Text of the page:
BIO(BRAIN)-X International Summer School

STUDENT CORNER

October 2019

The 18th International Summer School on BIO(BRAIN)-X: Biocomplexity, Biodesign, Bioinnovation, Biomanufacturing and Bioentrepreneurship, sponsored by the NSF, the University of Houston Biomedical Engineering Department and technically co-sponsored by the IEEE Brain Initiative and the IEEE Engineering in Medicine and Biology Society, was held at the Chania Academy, Crete, June 9-15, 2019. This summer school was a continuation of previous summer schools. Twenty-five students and eight distinguished faculty attended the 18th summer school. The NSF, the IEEE Brain Initiative and the University of Houston co-sponsored 25 students.

Transcranial Focal Stimulation Using Concentric Ring Electrodes

RESEARCH

October 2019

Walter G. Besio

• Statement of the challenge/opportunity: gaps, opportunities, and drivers

About 12 in 100 people worldwide, or 800 million, are suffering from neurological disorders such as epilepsy (having multiple recurrent seizures which are uncontrollable electrical activity of the brain), chronic pain, Parkinson’s Disease, etc. [1]. Around 450 million people worldwide are affected by psychiatric disorders [1]. Despite decades of research, new drugs, and advances in surgical therapy, 30% or more of the patients with epilepsy or psychiatric disorders do not respond to medical treatment or suffer from its severe side effects [2]. Epilepsy surgery and devices can control seizures in some patients with drug-resistant epilepsy but require advanced and often invasive diagnostic neurophysiology techniques. New solutions are needed for alternatives to drugs and to more invasive and expensive surgeries.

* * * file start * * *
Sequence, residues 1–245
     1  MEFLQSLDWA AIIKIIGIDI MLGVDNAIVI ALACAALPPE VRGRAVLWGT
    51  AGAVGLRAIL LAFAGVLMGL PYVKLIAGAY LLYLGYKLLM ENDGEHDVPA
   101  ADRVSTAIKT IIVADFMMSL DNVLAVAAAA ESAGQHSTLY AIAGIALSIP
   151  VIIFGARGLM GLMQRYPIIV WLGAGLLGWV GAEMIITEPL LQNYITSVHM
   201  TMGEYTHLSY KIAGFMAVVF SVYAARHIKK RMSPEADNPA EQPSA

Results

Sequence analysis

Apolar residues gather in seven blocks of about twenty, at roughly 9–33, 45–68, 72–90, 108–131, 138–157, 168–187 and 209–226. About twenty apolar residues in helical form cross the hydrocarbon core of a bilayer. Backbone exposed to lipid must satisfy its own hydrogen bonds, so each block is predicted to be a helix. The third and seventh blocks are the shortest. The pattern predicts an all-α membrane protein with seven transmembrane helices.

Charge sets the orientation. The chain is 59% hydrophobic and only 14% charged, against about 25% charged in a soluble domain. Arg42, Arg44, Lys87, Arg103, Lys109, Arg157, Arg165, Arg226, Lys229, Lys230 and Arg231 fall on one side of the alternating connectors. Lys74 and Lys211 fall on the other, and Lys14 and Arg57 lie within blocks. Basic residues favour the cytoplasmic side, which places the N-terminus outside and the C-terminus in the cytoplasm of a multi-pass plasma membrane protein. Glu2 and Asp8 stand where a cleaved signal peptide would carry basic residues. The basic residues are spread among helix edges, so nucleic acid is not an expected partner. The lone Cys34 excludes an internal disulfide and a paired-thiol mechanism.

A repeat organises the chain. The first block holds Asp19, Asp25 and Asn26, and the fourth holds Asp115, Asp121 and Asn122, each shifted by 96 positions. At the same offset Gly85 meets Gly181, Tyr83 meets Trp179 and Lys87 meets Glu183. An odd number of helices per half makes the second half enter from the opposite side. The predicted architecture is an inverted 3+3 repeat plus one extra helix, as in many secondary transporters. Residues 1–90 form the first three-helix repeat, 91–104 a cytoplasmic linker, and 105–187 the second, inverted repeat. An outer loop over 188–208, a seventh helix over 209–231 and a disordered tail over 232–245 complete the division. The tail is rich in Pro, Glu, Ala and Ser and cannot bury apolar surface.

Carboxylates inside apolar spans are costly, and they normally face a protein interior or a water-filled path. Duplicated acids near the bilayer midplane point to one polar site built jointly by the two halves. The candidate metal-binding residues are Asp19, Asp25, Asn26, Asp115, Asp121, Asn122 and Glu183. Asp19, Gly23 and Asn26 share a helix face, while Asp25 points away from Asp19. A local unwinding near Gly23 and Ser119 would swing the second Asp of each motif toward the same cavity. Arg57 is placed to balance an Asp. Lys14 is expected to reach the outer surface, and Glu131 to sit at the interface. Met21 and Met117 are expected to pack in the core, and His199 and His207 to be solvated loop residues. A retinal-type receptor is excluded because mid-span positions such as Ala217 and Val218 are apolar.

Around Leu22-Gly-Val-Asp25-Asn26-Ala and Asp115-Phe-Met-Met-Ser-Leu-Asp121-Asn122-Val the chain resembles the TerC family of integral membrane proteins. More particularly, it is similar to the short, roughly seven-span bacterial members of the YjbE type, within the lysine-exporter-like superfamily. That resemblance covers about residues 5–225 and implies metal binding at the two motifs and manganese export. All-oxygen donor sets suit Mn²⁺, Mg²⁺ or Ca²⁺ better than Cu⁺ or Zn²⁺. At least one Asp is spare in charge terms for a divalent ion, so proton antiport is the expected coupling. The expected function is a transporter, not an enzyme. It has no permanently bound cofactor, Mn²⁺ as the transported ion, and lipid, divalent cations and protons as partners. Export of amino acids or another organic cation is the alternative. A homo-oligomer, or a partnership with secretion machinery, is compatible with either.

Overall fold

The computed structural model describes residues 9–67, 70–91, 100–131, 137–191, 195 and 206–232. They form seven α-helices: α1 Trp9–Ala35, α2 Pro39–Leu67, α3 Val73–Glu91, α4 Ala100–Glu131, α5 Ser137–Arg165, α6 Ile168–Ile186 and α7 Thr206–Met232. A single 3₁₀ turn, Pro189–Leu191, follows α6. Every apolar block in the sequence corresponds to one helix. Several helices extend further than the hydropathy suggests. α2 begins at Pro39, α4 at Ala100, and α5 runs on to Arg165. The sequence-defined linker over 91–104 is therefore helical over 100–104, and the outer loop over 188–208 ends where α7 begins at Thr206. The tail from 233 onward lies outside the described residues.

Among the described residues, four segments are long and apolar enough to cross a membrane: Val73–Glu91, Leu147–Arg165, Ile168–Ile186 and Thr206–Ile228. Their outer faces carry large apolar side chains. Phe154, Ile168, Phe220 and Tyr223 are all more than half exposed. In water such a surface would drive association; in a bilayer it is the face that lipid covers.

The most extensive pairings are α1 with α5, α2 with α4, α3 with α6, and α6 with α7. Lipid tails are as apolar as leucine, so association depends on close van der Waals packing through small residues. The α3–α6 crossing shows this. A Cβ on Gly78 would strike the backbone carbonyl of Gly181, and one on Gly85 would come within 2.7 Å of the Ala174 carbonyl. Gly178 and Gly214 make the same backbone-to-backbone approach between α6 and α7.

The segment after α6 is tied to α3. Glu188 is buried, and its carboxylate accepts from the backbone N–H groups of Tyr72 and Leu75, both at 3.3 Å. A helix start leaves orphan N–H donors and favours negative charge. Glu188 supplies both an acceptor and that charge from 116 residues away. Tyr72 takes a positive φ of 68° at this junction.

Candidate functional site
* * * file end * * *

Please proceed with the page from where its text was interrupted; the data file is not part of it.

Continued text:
Regulation of arousal via online neurofeedback improves human performance in a demanding sensory motor task

RESEARCH

October 2019

Josef Faller, Jennifer Cummings, Sameer Saproo, Paul Sajda

High arousal can adversely affect task performance. Walking over a balance beam that sits 10 cm over the floor, for example, will be easier for most people than walking over a beam that is fixed at a height of 10 m, where a misstep could lead to grave injury. Another example is referred to as “pilot induced oscillations” (PIOs), where airplane pilots – under high arousal – dangerously overcompensate for small control errors in a way that can quickly escalate to losing control over and/or crashing the plane. In 1908, Yerkes & Dodson first formally described an inverse U-shape relationship between arousal and performance under high task difficulty [1]( see Figure 1.A). From the perspective of neurophysiology, there is evidence in support of the hypothesis that an interplay between the anterior cingulate cortex (ACC) and locus coeruleus (LC) – regions implicated in monitoring task performance and mediating stress responses – may play a critical role in explaining this phenomenon [2,3](see Figure 1.B). In a previous study, our group identified EEG signatures of PIO propensity or task-dependent arousal in a virtual flight task, a so called “boundary avoidance task” (BAT), where difficulty progressively increases over 90 seconds to induce PIOs and task failure, i.e. crashing the plane into a boundary [4](see Figure 1.C).